Chinese Real Estate Crisis
The Evergrande Group’s empire spans across 1300 housing projects in almost 300 cities, 58 hotels, 15 under-construction Disneyland-like theme parks and a football team. The Chinese real estate company is buried under a huge debt and is on the brink of default.
The company was able to build its empire mainly by borrowing money from domestic and international markets. It is now facing a debt of US $305 billion and has defaulted twice on payments to offshore bondholders in September 2021.The company’s shares in the Hong-Kong listing lost 80% of their value in the last year and have been suspended from 4th October.
However, this is just the tip of the iceberg. The property market makes up 25% of the Chinese economy and various real-estate developers in China are defaulting on debt payments. Developers such as Fantasia, Modern Land and Sinic holdings have missed their debt payments worth millions of US Dollars. Many of these companies have also witnessed a huge downfall in their share prices.
This puts the Chinese economy at a huge risk as the financial troubles of these developers have the potential to cause the collapse of important supply chains which are highly interlinked since China has the most complete supply chains due to the vast range of manufacturing activities. The sudden collapse of a major non-financial company can cause damaging ripple effects at an unparalleled scale.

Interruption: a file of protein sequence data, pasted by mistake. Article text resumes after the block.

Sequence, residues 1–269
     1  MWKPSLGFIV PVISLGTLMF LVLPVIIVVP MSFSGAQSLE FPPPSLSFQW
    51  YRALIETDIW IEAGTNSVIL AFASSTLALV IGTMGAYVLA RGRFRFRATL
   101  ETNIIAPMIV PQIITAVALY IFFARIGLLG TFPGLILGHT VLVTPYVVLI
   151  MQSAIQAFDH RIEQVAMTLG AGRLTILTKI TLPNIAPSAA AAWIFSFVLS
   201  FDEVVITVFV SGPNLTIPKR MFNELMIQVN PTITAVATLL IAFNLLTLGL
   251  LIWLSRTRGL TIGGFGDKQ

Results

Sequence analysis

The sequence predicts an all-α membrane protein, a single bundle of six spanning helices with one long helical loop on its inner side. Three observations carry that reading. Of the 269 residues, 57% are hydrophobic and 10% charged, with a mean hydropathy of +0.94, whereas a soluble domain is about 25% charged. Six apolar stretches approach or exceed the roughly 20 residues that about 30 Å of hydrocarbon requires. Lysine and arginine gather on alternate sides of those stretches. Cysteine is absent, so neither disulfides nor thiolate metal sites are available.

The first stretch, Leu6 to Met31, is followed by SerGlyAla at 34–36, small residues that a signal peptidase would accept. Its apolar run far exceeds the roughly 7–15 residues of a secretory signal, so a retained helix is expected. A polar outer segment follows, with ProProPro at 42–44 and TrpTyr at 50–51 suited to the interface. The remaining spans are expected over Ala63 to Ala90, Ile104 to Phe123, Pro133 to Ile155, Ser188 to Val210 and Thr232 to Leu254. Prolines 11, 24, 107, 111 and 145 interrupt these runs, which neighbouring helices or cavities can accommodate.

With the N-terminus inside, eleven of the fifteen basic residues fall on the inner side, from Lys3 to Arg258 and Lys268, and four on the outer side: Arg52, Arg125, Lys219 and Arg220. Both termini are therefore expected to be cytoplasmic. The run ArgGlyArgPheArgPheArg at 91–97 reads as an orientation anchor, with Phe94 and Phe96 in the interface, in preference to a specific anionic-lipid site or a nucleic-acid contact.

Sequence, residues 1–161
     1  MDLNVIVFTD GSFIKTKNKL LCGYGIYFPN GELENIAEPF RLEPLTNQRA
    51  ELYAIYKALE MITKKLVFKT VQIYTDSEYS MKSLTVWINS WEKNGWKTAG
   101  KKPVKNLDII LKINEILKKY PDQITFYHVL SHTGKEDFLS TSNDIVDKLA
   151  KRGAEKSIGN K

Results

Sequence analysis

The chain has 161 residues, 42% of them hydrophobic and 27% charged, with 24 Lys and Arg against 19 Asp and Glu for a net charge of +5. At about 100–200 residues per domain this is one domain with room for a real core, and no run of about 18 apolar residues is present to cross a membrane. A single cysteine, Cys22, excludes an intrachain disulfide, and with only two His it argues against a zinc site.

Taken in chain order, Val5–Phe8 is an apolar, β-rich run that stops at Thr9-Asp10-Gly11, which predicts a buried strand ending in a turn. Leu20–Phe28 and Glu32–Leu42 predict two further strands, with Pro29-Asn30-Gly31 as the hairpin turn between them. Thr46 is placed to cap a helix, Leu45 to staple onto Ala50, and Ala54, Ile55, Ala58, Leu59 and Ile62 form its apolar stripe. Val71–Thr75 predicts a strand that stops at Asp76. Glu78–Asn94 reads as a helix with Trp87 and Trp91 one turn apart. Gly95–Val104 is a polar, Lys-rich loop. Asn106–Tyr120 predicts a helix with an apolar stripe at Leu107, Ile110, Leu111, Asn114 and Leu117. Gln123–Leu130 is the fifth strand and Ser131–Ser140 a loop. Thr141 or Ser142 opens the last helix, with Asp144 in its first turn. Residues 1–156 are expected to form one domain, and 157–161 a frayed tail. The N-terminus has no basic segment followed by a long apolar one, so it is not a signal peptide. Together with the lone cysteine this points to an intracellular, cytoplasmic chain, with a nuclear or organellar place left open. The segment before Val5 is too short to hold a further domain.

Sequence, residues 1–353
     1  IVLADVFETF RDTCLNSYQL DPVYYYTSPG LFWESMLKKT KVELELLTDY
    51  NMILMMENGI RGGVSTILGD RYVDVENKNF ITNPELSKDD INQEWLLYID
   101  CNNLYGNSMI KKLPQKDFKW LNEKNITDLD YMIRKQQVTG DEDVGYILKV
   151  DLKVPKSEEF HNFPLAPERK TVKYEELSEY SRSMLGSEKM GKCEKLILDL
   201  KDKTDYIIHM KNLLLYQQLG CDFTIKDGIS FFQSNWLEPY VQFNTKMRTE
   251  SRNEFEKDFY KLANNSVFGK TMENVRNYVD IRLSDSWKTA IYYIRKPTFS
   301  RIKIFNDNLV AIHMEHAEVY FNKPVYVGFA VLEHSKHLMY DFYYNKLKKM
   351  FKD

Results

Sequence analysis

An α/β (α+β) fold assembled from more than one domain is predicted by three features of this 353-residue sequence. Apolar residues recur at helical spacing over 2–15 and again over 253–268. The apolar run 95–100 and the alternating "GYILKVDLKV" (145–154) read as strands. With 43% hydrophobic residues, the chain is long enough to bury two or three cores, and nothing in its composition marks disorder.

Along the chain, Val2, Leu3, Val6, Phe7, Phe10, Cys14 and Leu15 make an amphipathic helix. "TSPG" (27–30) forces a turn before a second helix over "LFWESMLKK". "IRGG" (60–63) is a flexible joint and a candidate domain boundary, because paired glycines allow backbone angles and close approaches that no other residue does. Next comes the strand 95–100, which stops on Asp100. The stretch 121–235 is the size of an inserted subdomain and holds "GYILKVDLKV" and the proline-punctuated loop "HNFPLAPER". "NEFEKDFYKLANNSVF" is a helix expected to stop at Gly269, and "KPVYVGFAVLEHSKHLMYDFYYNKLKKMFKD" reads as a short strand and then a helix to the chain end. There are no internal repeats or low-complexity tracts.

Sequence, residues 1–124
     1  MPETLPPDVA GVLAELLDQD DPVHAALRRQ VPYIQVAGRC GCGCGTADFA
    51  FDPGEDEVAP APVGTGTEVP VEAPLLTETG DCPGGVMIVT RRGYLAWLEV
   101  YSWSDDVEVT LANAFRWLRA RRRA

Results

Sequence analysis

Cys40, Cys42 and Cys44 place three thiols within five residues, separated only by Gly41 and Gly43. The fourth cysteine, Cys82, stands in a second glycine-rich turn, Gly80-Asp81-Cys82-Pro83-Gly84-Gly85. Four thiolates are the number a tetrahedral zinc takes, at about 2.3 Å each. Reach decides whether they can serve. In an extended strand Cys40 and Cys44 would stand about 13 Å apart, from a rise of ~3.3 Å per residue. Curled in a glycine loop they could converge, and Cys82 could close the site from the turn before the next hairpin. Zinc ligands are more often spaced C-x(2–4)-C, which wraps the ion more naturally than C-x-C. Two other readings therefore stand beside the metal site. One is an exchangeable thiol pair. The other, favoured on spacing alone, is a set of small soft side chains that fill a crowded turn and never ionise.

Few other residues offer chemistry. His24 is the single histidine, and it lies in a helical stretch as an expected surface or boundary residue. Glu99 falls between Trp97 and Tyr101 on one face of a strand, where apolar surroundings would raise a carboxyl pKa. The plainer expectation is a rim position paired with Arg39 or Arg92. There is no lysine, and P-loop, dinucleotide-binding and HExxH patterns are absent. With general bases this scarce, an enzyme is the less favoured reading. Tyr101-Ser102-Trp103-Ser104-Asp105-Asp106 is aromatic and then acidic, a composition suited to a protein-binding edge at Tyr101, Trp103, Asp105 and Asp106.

A noticeable part of the liabilities of the developers is owed to a number of enterprises in the supply chain such as contractors, subcontractors and providers of construction material and services. The financial distress of the companies can cause illiquidity for its suppliers. During this crisis, the suppliers have to accept longer payment periods and commercial bills instead of cash. Hence, the fallout due to the collapse of a developer will not only lead to loss of business for suppliers but also trap them amidst immediate financial difficulties. This may lead to bankruptcies throughout the supply chain. Unlike the financial sector where firms can switch products easily, the non-substitutability of supply chains implies that the collapse of a major firm can cause severe disruptions in the rest of the chain.
Evergrande has been taking measures to avoid the looming bankruptcy. However, things don’t seem to be going too well. The company intended to sell 51% stake of Evergrande Property Services Group to Hopson Development Holdings for US $2.6 billion. However, the negotiations have been suspended due to the inability to obtain the necessary agreement from the provincial government. The sale of its 26-storey Hong-Kong waterfront headquarters has also been suspended for the same reason.
Even though the People’s Bank of China (PBOC) has powerful tools such as the debt redlines,the new property tax and possible secretive bailouts to mitigate the shock to the financial system, the effects of the outstanding debts can have long-term impacts on the property markets of China and the rest of the world. The possible collapse of the real estate markets and supply chains has the potential to drastically affect the Chinese as well as the world economy.